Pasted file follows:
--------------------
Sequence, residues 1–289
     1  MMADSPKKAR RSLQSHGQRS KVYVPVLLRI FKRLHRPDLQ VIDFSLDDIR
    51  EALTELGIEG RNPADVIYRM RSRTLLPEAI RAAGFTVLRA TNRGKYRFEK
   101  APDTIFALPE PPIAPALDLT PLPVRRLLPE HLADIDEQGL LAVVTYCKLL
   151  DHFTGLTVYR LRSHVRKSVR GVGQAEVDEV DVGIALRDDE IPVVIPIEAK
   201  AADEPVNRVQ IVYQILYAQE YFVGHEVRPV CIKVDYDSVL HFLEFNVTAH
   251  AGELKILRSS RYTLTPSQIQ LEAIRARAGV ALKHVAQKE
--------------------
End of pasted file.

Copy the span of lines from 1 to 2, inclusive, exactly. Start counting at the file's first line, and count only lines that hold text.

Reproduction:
Sequence, residues 1–289
     1  MMADSPKKAR RSLQSHGQRS KVYVPVLLRI FKRLHRPDLQ VIDFSLDDIR